Since the 1990s, bestsellers Kevin J. Anderson and Rebecca Moesta have helped thousands and thousands of writers to develop the mindset of career professionals.
Million Dollar Professionalism for the Writer presents lessons learned from the authors' decades of experience in publishing. They offer advice on working with publishers, editors, booksellers, and fellow authors, and using persistence and reliability to find continued work in the industry.
Their tips cover professional courtesy, building a network of colleagues, reading contracts, meeting deadlines (and the domino-effect consequences of missing them), dealing with critics, and how to earn and maintain a reputation as a true professional.
The Million Dollar Writing Series
When seeking advice, always consider the source. Many self-appointed "experts" write how-to books without themselves ever accomplishing the thing they are trying to teach you how to do.
In the Million Dollar Writing Series, each of our authors has sold a minimum of one million dollars of commercial product in their field. They have proved themselves, and here they share their wisdom, advice, and experience with you.
There are many factors in becoming a successful writer, and we cannot guarantee that you'll break into the top levels, but we hope you find the advice to be useful and enlightening.
For more than two decades, Rebecca and I have given a detailed workshop on “Things I Wish Some Pro Had Told Me When I Was Starting out.” How to have a professional mindset, how to act professionally as a writer, and how to be considered a “keeper,” somebody a publisher wants to work with. When Mark Lefebvre of Kobo begged us to put down those lectures into permanent form, we finally had the idea, and impetus, to write the book. We think all NaNoWriMo participants will get something solid from this. – Kevin J. Anderson
If you want to be treated as a professional writer, you need to act like a professional. Take yourself and your career seriously. Behave in a way that you would expect a professional to behave.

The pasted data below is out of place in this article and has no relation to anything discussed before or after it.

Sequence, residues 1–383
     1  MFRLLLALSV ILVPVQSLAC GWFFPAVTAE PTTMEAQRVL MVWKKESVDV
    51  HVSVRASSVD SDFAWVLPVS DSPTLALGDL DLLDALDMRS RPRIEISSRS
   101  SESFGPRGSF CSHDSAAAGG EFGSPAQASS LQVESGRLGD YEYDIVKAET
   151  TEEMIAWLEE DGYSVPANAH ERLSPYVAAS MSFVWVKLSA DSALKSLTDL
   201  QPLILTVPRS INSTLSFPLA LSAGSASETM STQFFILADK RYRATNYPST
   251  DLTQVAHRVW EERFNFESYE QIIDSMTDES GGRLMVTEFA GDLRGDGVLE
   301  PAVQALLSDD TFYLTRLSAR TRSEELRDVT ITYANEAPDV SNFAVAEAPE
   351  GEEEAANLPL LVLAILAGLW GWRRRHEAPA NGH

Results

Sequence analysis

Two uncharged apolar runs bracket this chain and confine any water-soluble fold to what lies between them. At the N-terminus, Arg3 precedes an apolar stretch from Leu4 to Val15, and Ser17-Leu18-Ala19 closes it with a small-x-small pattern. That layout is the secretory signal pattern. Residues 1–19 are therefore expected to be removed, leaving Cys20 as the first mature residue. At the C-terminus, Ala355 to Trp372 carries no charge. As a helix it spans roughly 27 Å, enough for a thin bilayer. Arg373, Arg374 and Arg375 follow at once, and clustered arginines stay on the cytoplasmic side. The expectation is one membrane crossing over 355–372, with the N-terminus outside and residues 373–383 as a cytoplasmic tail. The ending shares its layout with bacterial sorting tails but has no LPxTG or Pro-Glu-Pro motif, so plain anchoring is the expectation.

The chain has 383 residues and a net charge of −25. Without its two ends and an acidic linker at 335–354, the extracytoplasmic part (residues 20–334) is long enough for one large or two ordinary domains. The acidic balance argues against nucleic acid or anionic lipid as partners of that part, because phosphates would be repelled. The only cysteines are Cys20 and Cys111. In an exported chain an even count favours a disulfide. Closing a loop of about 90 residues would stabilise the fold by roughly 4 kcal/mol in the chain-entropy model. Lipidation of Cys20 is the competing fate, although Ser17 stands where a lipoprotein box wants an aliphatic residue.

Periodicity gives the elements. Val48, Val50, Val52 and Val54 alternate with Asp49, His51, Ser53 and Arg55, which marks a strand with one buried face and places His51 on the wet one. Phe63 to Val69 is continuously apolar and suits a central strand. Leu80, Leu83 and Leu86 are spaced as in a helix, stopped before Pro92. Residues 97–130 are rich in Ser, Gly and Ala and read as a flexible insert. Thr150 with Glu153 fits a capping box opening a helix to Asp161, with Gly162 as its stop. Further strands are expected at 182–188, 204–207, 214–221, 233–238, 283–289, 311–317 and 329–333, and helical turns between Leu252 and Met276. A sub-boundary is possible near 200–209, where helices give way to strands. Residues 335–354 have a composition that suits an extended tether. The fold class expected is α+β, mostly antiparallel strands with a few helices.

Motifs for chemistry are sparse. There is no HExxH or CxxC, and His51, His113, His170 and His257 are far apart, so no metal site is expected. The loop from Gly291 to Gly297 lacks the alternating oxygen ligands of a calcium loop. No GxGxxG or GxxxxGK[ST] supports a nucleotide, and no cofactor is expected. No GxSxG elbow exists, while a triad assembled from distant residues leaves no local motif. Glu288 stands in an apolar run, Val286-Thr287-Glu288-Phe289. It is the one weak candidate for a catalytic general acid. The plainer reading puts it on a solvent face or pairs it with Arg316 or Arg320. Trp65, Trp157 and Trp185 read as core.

When you see a doctor, lawyer, banker, or business executive, you expect certain standards—that they are mature, reliable people you'd want to do business with.
You've probably seen writers portrayed on TV or film as eccentric, ditzy, pompous, or curmudgeonly, as if that's the norm for a writer. They shrug. "Eh, creative people. What can you do?"
You can be professional.
When Kevin sold his first novel in 1987, he received an author questionnaire from the publisher's publicity department, asking about his interests, his areas of expertise, and his background in doing interviews and public appearances. Before the publisher turned him loose on book signings or set up media interviews, Kevin naïvely assumed that someone would train him. Since the publisher had a vested interest in their author making a good public impression, shouldn't they go over a list of guidelines or standards of behavior to make sure he was ready for prime time? After all, as an author representing their publishing company, he had their reputation as well as his own on the line. Surely they gave their authors some kind of code of conduct to keep them from shooting themselves in the foot, putting their foot in their mouths, or any other foot metaphor you prefer. When he asked about it, they told Kevin, "You should just know what to do."
Unfortunately, many authors have no idea what to do.
After a successful career spanning more than a quarter of a century, with over 125 books published and 50+ national or international bestsellers, Kevin has spent a lot of time learning how to be professional.
He and his wife Rebecca—also an award-winning and New York Times bestselling author of dozens of books—have given lectures and workshops for thousands and thousands of writers.
They have presented their seminar "Things I Wish Some Pro Had Told Me When I Was Starting Out" for two decades, often to standing-room-only crowds.
Finally, they decided it was time to put that information in writing. The need for business knowledge and professional behavior is greater than ever. With more authors choosing the indie publishing route, they are forced to be front and center—producing and promoting their books, meeting fans, talking to bookstores. No longer can socially inept authors safely tuck themselves away in a cabin so they can write, while someone else does all the legwork.